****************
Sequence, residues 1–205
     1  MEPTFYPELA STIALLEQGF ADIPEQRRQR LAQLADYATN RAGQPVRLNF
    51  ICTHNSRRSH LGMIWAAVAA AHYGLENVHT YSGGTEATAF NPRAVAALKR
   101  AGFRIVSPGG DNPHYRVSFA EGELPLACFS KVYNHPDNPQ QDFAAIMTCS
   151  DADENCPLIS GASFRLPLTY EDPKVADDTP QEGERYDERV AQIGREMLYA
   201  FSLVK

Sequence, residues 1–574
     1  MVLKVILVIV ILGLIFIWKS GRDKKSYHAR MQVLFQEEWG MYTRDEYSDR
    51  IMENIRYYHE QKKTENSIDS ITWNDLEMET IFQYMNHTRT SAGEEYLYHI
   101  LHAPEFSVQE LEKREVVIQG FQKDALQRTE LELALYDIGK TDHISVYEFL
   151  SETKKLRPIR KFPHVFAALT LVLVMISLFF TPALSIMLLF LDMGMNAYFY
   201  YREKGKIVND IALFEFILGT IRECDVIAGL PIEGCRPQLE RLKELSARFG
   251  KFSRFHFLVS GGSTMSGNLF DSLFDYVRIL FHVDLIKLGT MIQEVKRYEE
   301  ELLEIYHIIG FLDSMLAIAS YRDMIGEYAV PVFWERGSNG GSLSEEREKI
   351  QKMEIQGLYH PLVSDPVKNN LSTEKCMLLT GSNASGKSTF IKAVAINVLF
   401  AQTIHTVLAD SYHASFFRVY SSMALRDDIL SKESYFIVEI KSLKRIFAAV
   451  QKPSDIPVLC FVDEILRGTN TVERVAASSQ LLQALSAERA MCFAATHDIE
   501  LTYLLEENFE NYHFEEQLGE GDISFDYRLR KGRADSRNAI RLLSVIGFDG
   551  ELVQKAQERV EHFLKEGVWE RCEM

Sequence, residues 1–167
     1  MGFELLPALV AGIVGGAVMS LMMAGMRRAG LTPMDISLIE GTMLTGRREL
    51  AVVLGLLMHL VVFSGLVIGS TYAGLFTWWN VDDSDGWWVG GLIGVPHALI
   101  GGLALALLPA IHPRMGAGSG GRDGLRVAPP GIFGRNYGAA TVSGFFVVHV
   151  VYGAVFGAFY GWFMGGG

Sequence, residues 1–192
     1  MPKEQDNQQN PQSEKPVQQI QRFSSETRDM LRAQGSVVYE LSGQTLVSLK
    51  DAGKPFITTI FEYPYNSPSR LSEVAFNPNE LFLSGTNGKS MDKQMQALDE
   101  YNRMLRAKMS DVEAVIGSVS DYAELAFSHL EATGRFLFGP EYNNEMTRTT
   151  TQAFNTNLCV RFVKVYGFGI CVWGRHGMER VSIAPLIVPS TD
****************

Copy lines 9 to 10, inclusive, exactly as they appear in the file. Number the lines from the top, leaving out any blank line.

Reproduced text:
    51  IMENIRYYHE QKKTENSIDS ITWNDLEMET IFQYMNHTRT SAGEEYLYHI
   101  LHAPEFSVQE LEKREVVIQG FQKDALQRTE LELALYDIGK TDHISVYEFL